This year's US Election cycle differs from the historical norm in so many ways, and not just due to unique candidates like Donald Trump and Bernie Sanders.
Normally by mid-March, the parties would be in the process of coalescing around an overwhelmingly likely candidate. This time, with protest and violence at GOP front-runner Trump rallies dominating the daily headlines, consensus seems a thing of the past.
While the Republicans tear themselves apart, Democrat voters also remain reluctant to simply rubber-stamp what the market considers a virtually inevitable Hillary Clinton candidacy. After Sanders pulled off an enormous 33 to 1 upset in Michigan, nobody can be quite sure about the path ahead.
Consequently while the term 'Super Tuesday' normally applies to one day in the cycle, it is an apt description for the third straight week. Leaving aside the small GOP caucus in the Northern Mariana Islands, five states go the polls. All are significant, and all are interesting betting heats.
Always a crucial General Election swing state, Florida's role in this year's GOP primary process is also pivotal with 99 winner-takes-all delegates up for grabs. Having dominated the polls for months, Trump is overwhelming favourite, rated 89% likely at odds of [1.12], to take a big step towards the nomination.
Unless polls showing him around 20% ahead are spectacularly wrong, he looks certain to win and, in doing so, end the realistic challenge of one-time odds-on nominee favourite Marco Rubio. His exit would dramatically alter the maths ahead of later races, assuming Rubio voters transfer predominantly to other candidates not named Trump.
On the Democrat side, Hillary Clinton is red-hot at [1.06] (95%), reflecting an average poll lead above 30%. However, after last week's stunning upset from odds of [1.03] in Michigan, dare punters trust the favourite?
Another big winner-takes-all contest in the swing state of Ohio. Here, however, Trump is very much the outsider. John Kasich is the Governor here, with sky-high approval ratings, and the market rates him 76% likely to take all 66 delegates at odds of [1.31].
If Kasich beats Trump, it could propel a run of late victories in potentially favourable, delegate-rich states. Especially if establishment rival Rubio is forced out after Florida. Significantly, the Rubio campaign has effectively advised supporters to vote Kasich in Ohio. Defeat would narrow Trump's path to the 1237 delegates needed to avoid a Contested Convention.
This one of the most interesting Democrat primaries. Clinton is [1.47] favourite, which seems great value if an average poll lead of 18% is to be believed. The trouble is, after being so far out in neighbouring Michigan, punters are entitled to be sceptical about polls. Clinton urgently needs them to be right, because another defeat in the rust-belt would raise major concerns about her electability in November.
With violence prompting the cancellation of a Trump rally in Chicago, weighing the fallout could be the key to predicting a state which presents a critical test for his opponents.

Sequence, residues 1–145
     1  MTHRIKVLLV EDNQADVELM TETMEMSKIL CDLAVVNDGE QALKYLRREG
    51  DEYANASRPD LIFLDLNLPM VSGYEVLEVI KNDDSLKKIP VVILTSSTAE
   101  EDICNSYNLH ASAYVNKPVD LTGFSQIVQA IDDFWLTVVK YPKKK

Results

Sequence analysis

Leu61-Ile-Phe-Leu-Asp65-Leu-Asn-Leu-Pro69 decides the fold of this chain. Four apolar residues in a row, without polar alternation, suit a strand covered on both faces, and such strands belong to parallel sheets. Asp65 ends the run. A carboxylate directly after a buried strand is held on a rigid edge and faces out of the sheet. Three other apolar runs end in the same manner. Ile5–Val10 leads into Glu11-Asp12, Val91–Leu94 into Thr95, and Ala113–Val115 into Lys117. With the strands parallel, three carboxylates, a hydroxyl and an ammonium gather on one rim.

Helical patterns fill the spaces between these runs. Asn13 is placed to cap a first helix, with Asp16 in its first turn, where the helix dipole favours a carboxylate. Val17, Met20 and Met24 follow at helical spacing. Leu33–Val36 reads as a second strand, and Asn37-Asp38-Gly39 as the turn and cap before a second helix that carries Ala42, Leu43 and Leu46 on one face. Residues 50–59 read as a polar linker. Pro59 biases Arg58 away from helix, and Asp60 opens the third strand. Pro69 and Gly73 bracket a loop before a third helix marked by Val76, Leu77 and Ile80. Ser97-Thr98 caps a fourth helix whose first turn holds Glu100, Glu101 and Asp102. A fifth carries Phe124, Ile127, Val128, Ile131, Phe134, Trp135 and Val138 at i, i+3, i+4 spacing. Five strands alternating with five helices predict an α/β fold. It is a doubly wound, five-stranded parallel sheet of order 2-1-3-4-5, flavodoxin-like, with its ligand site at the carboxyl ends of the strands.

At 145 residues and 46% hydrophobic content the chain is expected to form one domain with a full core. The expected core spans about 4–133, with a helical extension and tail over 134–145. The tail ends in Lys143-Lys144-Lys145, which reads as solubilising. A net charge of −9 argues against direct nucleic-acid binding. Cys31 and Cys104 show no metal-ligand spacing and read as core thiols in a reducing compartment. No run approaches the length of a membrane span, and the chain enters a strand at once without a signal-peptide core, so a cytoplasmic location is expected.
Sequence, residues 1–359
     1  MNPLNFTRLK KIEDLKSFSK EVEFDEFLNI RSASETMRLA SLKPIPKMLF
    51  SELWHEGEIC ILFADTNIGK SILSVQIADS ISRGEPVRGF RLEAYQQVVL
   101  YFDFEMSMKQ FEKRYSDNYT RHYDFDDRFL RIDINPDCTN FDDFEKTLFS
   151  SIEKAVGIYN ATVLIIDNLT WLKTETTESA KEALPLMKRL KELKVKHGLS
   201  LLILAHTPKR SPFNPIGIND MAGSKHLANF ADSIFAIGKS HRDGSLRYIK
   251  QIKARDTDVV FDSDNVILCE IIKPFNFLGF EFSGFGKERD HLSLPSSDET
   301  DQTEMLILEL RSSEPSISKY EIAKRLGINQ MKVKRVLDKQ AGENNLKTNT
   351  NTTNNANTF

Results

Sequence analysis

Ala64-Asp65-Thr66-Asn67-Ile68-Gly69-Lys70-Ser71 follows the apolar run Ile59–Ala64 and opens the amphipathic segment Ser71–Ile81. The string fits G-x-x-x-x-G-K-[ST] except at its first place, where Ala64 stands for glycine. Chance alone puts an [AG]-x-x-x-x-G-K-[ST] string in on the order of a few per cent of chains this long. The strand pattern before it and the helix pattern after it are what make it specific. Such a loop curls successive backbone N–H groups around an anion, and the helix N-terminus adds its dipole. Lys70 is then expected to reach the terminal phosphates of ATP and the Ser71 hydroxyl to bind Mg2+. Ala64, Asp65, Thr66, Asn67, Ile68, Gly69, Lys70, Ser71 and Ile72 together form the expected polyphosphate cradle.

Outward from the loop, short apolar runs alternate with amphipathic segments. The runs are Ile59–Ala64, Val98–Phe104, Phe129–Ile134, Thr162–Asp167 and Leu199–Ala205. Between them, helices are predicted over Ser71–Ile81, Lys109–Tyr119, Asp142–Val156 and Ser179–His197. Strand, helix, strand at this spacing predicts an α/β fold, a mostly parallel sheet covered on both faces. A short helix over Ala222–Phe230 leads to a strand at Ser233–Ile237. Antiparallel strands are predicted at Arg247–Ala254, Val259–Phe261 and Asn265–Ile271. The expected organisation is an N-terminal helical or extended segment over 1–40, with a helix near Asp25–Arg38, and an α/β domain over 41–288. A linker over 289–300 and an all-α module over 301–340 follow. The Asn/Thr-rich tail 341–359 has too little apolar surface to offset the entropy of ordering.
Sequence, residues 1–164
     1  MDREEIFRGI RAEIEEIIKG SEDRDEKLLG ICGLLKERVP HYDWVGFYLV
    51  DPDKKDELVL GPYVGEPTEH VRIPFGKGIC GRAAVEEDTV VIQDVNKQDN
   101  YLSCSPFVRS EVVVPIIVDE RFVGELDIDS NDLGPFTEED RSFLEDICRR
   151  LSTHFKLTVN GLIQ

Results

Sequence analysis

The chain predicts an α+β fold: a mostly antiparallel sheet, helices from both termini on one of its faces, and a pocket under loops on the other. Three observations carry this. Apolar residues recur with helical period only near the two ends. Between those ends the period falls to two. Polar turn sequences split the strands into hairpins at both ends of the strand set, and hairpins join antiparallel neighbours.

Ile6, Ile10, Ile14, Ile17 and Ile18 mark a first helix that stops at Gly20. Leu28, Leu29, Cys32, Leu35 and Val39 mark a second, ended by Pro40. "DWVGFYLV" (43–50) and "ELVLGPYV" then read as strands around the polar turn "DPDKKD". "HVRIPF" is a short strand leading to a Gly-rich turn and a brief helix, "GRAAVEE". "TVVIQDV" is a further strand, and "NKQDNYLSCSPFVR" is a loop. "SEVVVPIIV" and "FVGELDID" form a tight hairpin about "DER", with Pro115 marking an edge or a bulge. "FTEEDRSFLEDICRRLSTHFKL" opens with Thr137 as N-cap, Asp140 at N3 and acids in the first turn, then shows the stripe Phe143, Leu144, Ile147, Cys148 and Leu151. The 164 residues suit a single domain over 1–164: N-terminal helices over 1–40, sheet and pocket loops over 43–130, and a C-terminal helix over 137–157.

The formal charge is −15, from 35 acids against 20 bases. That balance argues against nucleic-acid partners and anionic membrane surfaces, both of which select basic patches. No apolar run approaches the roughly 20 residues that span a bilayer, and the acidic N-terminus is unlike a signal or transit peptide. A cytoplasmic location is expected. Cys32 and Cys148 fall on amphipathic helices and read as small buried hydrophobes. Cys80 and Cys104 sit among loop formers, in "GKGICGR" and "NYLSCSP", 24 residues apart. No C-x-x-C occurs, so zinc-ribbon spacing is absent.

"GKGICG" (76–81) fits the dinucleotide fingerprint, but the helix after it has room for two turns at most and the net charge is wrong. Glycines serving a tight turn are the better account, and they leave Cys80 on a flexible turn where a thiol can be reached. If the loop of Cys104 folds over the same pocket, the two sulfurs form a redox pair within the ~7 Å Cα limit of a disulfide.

Though topping polls, Trump's 34% average would be vulnerable to a unified, tactical vote. Whereas the other three had been locked in a close fight for distant second, the latest numbers suggest Cruz is emerging as the clear alternative, just 4% down.
That progress seems logical, given that previous surveys had included a large number of undecideds, amongst whom Trump has lagged. Whether and how the non-Trump voters coalesce - in this case the 27% supporting Kasich or Rubio - is a key indicator for both this result and the race ahead.
The home state of President Barack Obama may not seem fertile territory for a Bernie Sanders upset, but there has been a major market move for him in recent days. From being matched earlier at [1.02], Clinton is out to [1.34] Polls are contradictory here, with the last three showing one narrow win apiece, plus a 37% Clinton lead. No wonder the market is unsettled!
Markets and poll trends point strongly towards Trump, for whom a thumping victory over clear second-best Cruz would represent big momentum. Again though, there is scope for a big transfer of voters to Cruz to alter the maths. The key task for Cruz here is to get close to Trump in terms of delegates.
After dominating elsewhere in the South, the market points strongly towards Clinton at [1.08] (93%), backed up by polls showing her 20% ahead. Having struggled in other key General Election states, Clinton could do with a big here to settle Democrat nerves, as North Carolina could prove decisive in November.
Finally, this is Cruz's best chance of a victory. The market rates it a virtual tie, but the lack of polls makes for a confusing picture. The one recent, small-sample survey showed a 7% Trump lead, but included 18% undecided. Given their contrasting fortunes among late deciders, that points towards Cruz wiping out the gap.
This editorial endorsing Cruz in the Missouri Times may be indicative of a mood among establishment Republicans. They note that Rubio would have been a natural fit but isn't even campaigning in the state and that, while Kasich may be the best overall candidate, he has no realistic chance. The potential for such co-ordination remains the biggest threat to a Trump nomination.
The only Democrat poll was equally inconclusive, with Clinton 7% up but 13% undecided. She's favourite at [1.66] but hardly obvious banker material.
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